IrisVR released its first standalone VR solution for Oculus Quest VR headsets, enabling immersive 3D models for AEC professionals outside the office.
IrisVR is a New York-based company founded in 2014 that specializes in creating virtual reality (VR) software for the building industry that visualizes 3D designs with true to scale walkthroughs, thereby improving design workflows. Its flagship product is Prospect, a desktop software that converts a variety of 3D AEC file formats to navigable and immerse VR models.
AEC professionals have been using Prospect for presentations, design reviews and collaborative sessions. The software has been available for a variety of VR headsets, including HTC Vive, Oculus Rift and Windows Mixed Reality. Until now, using the software in combination with a VR headset always required a direct connection between headset and PC or smartphone. The new release of Prospect, called Prospect for Oculus Quest, breaks with this pattern. Oculus Quest is a stand-alone VR headset, which means it’s capable of delivering VR experiences without a computer or external sensors.
The Oculus Quest headset was released last May by Oculus VR, a division of Facebook. The device is fully standalone and features two, six degrees of freedom (6DOF) controllers, and runs on a Qualcomm Snapdragon 835 system on chip. There are two different versions of the Oculus Quest: a 64GB and 128GB version. With the release followed 50 titles of new and previously known games, a number them being cross-platform multi-player games. The release of IrisVR’s Prospect for Oculus Quest was just a few weeks after the Oculus Quest headset release date.
How the application works
Although Prospect for Quest offers standalone VR experiences without a direct connection to a desktop computer, Oculus Quest users still need a Windows PC with the Prospect software installed that converts 3D files to a VR model. Next, the VR headset and the PC need to be synchronized, so that the files can be made accessible on the VR headset. This is done through the cloud, where the local files are hosted so they can be accessed by the Oculus Quest user. So although there’s no direct connection between the desktop and the VR headset, they are still part of the hardware setup necessary to enable what is called a “standalone VR” experience.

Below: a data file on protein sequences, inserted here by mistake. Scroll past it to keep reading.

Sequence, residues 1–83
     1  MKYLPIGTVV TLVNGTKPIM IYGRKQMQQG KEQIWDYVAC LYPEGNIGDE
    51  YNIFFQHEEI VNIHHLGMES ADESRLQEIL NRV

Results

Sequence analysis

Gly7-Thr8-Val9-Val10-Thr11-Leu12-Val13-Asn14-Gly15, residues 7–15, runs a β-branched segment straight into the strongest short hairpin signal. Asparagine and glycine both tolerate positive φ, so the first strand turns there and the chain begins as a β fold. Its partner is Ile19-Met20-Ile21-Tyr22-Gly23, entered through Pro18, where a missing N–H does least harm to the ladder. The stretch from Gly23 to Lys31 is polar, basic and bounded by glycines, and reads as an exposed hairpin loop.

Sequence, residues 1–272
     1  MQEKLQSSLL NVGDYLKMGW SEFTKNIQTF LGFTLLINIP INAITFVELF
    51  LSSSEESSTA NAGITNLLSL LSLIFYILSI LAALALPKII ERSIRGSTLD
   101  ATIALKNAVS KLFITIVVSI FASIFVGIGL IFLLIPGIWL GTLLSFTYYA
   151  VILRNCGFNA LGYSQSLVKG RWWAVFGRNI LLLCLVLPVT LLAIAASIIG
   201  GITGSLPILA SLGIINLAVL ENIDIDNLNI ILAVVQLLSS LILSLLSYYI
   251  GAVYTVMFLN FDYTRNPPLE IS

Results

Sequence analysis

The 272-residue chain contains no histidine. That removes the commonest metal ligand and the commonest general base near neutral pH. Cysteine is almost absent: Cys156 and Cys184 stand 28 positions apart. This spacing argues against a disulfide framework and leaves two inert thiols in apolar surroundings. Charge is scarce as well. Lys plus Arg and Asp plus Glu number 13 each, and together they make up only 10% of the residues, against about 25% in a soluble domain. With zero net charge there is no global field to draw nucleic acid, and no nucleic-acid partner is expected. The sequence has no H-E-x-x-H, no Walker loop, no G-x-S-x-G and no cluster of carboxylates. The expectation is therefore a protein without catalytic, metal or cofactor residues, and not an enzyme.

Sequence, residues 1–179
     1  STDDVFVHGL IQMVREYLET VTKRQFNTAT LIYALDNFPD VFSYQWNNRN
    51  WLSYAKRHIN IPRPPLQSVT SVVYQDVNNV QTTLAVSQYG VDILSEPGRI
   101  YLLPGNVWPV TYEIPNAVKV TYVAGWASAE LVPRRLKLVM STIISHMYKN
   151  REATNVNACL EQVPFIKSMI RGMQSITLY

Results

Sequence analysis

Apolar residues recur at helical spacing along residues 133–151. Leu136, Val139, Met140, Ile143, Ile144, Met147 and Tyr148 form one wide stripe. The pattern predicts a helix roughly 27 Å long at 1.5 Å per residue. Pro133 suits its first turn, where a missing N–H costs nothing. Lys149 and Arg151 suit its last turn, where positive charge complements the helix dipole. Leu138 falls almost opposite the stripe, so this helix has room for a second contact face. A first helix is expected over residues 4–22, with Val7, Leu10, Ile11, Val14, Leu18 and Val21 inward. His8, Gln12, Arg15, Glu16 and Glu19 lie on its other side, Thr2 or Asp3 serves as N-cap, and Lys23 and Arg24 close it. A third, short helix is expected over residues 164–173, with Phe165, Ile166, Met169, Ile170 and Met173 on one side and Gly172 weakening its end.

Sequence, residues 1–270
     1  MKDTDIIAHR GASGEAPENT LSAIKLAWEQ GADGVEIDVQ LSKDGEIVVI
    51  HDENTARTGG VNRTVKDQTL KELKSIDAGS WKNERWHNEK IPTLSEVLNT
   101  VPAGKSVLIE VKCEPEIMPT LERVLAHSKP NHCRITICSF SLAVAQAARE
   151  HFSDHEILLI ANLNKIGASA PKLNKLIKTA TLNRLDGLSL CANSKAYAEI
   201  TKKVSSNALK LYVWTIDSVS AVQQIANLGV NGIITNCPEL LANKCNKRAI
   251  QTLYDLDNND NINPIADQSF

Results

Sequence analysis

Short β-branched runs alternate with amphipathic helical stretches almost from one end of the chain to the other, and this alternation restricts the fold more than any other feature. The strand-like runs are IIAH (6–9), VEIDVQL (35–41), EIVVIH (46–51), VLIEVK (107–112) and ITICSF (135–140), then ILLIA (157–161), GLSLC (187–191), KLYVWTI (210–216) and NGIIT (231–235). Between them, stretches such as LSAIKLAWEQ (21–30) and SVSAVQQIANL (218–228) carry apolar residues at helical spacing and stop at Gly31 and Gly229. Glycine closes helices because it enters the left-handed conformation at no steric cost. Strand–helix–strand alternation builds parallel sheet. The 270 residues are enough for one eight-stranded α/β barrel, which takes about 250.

This setup has consequences in terms of performance: because the Oculus Quest headset has a mobile processor, it cannot support the file sizes from a desktop computer as they would bring down the performance, through factors such as texture size, geometric complexity and the number of individual elements in a scene. Over time, IrisVR expects it will improve its optimization engine to enable a better performance.
New applications for AEC professionals
Now that it’s no longer necessary to connect a VR headset to a pc or mobile phone, architects, engineers and construction professionals have more flexibility as to where they can walk through their 3D models. AEC professionals have already adopted VR for design review, model coordination and visual clash detection, and with standalone VR solutions they can now do this outside of the office and in the field or mobile office.
For this reason, IrisVR sees the release of Prospect for Oculus Quest as a breakthrough release, allowing AEC professionals to save time and money on rework costs, as well as making VR more portable and accessible. Indeed, the Oculus Quest headset has its own travel case and can be set up quickly.
But overall, the added value of VR is still the immersive experience that it brings. In the case of AEC, where 3D models are experienced on a 1:1 scale, which improves comprehension for subcontractors of how things will look after being built. In the case of BIM, clash detection is a great use for VR. Finally, the application enables up to twelve users to hold meetings in VR, joining from anywhere in the world and experience a walkthrough of the same model together.